Asia burns most coal
August 23, 2019 - Asia is the world’s largest producer and consumer of coal, accounting for 75 per cent of global demand. China is the world’s largest consumer, followed by India, Japan and South Korea.
South-East Asia was the only region in the world in which coal’s share of power generation grew last year, according to the International Energy Agency (IEA).
Global coal consumption peaked in 2013 at 3,867 billion tonnes of oil equivalent, but the 2019 BP Statistical Review shows that demand last year had declined merely 2.5 per cent below the peak.
China continues to emit more carbon dioxide than any other country. In 2013, Beijing agreed to a five-year plan to reduce its coal consumption by 50 per cent and the nation increased investment in renewables. China now has a third of the world’s wind turbines and a quarter of its solar panels, according to the IEA.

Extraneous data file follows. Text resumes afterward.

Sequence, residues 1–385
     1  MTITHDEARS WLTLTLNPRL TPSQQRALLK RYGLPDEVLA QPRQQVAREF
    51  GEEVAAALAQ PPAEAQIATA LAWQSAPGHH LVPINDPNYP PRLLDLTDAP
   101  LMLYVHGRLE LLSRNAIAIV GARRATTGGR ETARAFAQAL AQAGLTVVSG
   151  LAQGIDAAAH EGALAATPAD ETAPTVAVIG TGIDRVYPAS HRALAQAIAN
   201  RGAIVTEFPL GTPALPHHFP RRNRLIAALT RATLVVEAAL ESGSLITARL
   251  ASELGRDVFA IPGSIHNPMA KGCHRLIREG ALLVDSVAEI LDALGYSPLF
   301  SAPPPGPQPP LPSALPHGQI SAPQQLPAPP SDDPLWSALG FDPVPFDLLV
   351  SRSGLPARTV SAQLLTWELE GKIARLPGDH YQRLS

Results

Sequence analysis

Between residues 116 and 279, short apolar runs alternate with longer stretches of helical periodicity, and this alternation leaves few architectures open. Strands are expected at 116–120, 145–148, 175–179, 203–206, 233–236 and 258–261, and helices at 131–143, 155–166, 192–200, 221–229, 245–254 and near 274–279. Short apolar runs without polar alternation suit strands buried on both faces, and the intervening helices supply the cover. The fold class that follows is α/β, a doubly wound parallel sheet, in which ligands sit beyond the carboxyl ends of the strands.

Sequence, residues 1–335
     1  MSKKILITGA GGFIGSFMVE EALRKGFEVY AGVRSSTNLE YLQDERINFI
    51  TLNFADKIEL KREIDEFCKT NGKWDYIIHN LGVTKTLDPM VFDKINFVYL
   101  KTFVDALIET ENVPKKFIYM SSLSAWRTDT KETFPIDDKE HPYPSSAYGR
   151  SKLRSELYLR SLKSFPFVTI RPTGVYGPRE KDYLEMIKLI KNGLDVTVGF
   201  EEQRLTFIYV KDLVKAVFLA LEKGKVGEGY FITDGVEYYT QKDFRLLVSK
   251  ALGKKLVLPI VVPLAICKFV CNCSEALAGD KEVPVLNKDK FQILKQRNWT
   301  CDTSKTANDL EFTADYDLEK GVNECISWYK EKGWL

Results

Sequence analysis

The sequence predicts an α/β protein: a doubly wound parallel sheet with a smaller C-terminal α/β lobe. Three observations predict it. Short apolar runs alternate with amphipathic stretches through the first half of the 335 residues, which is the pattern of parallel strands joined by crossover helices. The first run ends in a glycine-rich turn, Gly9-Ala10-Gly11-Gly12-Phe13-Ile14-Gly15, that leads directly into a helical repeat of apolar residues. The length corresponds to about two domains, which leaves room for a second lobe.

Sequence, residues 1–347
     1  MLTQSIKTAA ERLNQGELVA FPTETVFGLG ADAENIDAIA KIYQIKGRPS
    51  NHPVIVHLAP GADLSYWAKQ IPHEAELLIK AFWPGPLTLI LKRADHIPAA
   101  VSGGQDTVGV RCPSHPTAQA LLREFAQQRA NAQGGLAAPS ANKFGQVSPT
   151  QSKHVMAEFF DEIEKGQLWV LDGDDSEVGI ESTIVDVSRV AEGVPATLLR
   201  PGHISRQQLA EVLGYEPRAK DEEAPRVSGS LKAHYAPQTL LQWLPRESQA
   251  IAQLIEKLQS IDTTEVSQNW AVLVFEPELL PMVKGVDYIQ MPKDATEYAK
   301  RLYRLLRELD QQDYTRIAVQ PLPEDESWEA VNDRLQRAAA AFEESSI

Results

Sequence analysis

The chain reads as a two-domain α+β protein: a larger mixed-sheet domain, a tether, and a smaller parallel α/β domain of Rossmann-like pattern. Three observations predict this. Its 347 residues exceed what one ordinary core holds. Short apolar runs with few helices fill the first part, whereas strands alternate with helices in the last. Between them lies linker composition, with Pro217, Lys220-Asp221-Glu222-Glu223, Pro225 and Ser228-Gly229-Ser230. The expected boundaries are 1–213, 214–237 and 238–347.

Renewable energy increased by over 25% in both India and China last year, which together accounted for around half of the global growth in renewable energy.
After Narendra Modi became prime minister in 2014, his government announced a plan to quadruple India’s renewable energy capacity by 2022 to 175 gigawatts. The share of renewable energy could rise from 7.8 per cent to 19 per cent.
Indian renewables now cost less than three rupees ($0.04) per kilowatt-hour, well below domestic coal at four rupees per kilowatt-hour, according to Tim Buckley of the Institute for Energy Economics and Financial Analysis, a green think-tank.
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